This list is longer, offering a whopping 24 films. Now, with these lists, I’m seeing a few films show up more than once. The Happytime Murders (unlike many others, I felt the previews made the film look like it could be fun. But the overwhelmingly negative reactions to seeing the full film from critics and audiences have me running for the hills!). Gotti (the film had all kinds of troubles getting released… looks like a lot of bother for nothing good). Life Itself (one reads a consistent “what were all these talented folks thinking of when they signed on to this?!” from critics).
Anyway, now for the positives…
Nick Schager at Esquire magazine offers his…
I’m most intrigued by the Nicholas Cage film Mandy, which is on my Netflix list as well. Otherwise, I’ve seen a grand total of … 1 of these films (Mission: Impossible – Fallout) but am curious/intrigued about at least two others (Annihilation and Burning).
Finally, from Den of Geek, we get two Top 10 lists, from David Crow and Don Kaye…
I’m three songs into the seemingly universally loathed Lou Reed and Metallica album Lulu…
…and I kinda like it!
My understanding is that David Bowie loved the album though acknowledged it was ahead of its time.
Look, its an oddball album with some very oddball lyrics (the first lines in the very first song are very off putting and borderline idiotic).
And yet… I’m digging what I’m hearing. I won’t say the album is up there with the great works of Lou Reed (both solo and with The Velvet Underground) or Metallica, yet its interesting, IMHO, in its own weird way.
POSTSCRIPT: Ok, so I’ve made it through the entire album and my earlier comments still apply: I feel this album is far better than the absolute calamity so many -critics and fans alike- thought it was.
On the other hand, it does contain more than a few rough edges and weird/crude/unintentionally(?) funny lyrics which can be off putting to audiences.
Further, I can see why David Bowie liked the album: In many ways it reminds me of Bowie’s 1. Outside. While 1. Outside is a stone cold classic, Lulu is a decent enough stab at avant garde which, at times, slips into silliness.
Still, I repeat what I said before: It’s far from the absolute calamity people felt it was.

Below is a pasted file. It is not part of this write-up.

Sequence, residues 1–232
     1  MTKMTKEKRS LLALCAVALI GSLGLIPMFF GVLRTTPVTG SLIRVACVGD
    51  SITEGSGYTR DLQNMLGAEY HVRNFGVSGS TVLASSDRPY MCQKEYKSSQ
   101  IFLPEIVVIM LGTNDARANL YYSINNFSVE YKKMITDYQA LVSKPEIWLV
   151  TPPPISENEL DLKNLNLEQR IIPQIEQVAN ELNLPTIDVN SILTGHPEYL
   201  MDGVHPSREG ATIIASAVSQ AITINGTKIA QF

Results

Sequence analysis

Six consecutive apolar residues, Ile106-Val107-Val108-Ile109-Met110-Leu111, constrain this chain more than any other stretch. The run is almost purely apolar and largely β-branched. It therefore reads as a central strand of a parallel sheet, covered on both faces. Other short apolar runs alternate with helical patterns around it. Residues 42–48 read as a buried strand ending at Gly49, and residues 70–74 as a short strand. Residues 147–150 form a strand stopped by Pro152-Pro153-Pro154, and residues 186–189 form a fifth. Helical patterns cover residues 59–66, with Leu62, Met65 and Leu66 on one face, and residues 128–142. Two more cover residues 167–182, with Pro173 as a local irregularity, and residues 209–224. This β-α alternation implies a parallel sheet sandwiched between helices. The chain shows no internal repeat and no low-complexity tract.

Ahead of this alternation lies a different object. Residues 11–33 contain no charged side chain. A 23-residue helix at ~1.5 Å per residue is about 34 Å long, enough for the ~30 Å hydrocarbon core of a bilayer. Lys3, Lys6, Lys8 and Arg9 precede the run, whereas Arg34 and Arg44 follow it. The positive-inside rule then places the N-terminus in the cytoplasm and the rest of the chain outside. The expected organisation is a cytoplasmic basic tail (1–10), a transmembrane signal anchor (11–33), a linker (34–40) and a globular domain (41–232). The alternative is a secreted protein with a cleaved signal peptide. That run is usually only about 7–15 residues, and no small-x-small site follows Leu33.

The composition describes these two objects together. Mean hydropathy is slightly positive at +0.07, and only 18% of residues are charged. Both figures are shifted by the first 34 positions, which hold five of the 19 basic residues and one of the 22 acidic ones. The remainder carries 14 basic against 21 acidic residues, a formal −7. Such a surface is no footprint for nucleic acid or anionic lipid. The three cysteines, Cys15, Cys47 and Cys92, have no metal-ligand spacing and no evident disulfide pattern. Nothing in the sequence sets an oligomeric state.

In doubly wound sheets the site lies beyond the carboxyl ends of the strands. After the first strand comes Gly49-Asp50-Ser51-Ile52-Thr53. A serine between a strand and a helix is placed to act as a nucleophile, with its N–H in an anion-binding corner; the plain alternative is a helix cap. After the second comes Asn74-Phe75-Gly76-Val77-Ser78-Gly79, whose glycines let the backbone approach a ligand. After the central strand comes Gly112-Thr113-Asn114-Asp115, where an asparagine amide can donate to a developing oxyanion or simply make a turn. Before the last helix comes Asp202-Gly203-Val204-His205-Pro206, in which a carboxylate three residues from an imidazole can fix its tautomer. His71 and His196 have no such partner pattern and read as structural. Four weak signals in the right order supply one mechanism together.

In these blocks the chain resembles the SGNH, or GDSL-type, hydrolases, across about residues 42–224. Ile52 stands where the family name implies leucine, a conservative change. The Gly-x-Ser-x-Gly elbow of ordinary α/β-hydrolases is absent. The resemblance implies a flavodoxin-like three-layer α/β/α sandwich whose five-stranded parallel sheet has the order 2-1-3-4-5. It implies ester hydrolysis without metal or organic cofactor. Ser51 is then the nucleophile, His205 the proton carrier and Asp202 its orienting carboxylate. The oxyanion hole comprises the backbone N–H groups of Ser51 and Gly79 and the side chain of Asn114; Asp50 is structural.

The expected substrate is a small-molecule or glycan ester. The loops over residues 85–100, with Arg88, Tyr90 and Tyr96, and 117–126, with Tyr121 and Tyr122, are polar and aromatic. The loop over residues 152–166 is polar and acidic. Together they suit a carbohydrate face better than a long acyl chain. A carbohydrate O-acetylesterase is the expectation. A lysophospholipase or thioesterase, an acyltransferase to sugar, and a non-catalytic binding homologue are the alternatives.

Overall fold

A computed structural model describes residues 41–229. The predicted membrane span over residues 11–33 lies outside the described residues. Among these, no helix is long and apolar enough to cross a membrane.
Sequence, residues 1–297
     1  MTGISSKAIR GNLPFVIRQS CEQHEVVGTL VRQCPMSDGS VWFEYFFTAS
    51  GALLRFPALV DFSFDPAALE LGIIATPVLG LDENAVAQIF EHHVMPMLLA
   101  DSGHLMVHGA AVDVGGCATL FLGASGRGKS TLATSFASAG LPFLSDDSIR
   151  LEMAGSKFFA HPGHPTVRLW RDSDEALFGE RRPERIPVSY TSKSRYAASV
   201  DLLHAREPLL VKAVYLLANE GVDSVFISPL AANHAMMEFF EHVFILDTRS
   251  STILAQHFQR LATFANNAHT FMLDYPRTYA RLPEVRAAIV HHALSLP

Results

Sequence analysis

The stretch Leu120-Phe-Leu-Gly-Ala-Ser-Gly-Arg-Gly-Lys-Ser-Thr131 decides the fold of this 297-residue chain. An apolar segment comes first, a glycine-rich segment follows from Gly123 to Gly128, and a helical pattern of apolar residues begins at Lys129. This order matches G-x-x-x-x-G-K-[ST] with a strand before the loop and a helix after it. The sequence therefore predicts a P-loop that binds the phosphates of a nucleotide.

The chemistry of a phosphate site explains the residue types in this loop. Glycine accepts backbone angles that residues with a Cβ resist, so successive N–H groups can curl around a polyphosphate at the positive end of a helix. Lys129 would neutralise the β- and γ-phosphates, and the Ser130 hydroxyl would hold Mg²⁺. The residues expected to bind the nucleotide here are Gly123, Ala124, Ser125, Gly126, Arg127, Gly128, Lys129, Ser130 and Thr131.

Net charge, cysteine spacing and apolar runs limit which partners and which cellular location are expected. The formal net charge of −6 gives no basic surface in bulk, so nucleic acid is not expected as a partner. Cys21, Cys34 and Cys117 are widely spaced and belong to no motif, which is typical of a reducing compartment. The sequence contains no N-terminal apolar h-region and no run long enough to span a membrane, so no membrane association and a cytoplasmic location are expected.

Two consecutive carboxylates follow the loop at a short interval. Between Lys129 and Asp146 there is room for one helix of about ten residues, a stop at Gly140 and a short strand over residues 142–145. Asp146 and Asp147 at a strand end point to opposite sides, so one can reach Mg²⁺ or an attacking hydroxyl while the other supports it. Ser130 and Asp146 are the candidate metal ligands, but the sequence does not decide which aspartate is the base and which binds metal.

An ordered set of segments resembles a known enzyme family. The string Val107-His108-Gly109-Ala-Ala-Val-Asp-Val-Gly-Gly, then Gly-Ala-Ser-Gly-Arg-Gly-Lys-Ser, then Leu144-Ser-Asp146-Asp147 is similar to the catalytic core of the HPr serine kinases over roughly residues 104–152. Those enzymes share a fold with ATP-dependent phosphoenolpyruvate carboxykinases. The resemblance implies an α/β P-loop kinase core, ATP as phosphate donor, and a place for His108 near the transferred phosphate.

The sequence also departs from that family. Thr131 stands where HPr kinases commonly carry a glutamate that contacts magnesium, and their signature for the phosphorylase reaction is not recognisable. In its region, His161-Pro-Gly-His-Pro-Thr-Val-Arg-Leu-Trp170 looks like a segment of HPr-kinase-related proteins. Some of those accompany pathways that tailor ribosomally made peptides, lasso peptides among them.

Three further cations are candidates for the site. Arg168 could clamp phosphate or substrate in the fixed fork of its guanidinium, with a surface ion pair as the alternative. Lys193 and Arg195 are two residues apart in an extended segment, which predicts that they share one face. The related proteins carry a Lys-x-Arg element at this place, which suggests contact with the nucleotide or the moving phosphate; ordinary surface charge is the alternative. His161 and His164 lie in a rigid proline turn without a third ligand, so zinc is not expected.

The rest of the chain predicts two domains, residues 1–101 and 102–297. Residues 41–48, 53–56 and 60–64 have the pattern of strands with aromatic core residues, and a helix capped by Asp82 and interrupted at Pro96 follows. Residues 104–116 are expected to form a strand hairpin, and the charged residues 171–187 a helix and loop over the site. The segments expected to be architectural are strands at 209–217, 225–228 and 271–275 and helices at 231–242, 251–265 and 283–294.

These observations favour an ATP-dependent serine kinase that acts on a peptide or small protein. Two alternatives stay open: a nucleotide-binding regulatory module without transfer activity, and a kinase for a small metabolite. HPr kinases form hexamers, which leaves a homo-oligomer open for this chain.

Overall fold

Over at Salon.com, author Mary Elizabeth Williams notes sanguinely…
She lists a bunch of stuff that’s happened… I recall it all… but what’s shocking is that it all happened this year.
So much stuff has happened this past year, much of it related to Trump and his highly competent and not at all corrupt (cough) government, that it’s hard to keep track of everything going on.
Ah, for the days when things were calmer and we weren’t lurching from one “big” news event and into another!
Presented on the SyFy Network and based on a short story by George R. R. Martin (Game of Thrones), NightFlyers is a science fiction/horror hybrid involving a spacecraft heading out into deep space to try to contact an alien race, and the eerie things the crew encounters as they travel on.
The show’s been on for a while now and, at least according to IMDB, the first season has 10 episodes, all of which have been shown.
I set my DVR to tape the season and wound up watching the first three episodes in one sitting and enjoying myself reasonably well.
The show features a smallish “central” cast in an enormous star ship that, as I mentioned above, is on its way from Earth to meet up with an alien race somewhere out in the distance. Earth is apparently dying out and it is hoped contacting the alien race will help them to save humanity…
…or some such.
Again, I enjoyed the first three episodes fairly well, though it seemed like the makers of the series were deliberately withholding some information and/or were simply inept at presenting the information clearly.
For example, within this star ship is a psychic individual who, other crew members have stated, was responsible for some kind of mass killing.
Or was he?
He is initially presented as potentially evil and dangerous character but as those original three episodes play out, we get a sense that he isn’t quite as dangerous as something which lurks within the vessel’s machinery itself. The reveal of what that is is… ok… I suppose, but hardly shattering.
I left the show and returned to see the fourth episode and, in the interval of time, I found my opinion on the show had soured somewhat. The fourth episode wound up being something of a chore to watch and it occurred to me that the series is being deliberately obtuse to the point of being frustrating.
In four hours of time, I as a viewer remain unclear why exactly the potentially dangerous psychic individual was brought on the ship. It was stated he was there to communicate with the aliens psychically, but a later episode shows his ability to psychically “talk” to anything beyond humans is at best very limited. So it would seem the risk of taking this potentially VERY dangerous individual on this vessel was a risk maybe not worth taking.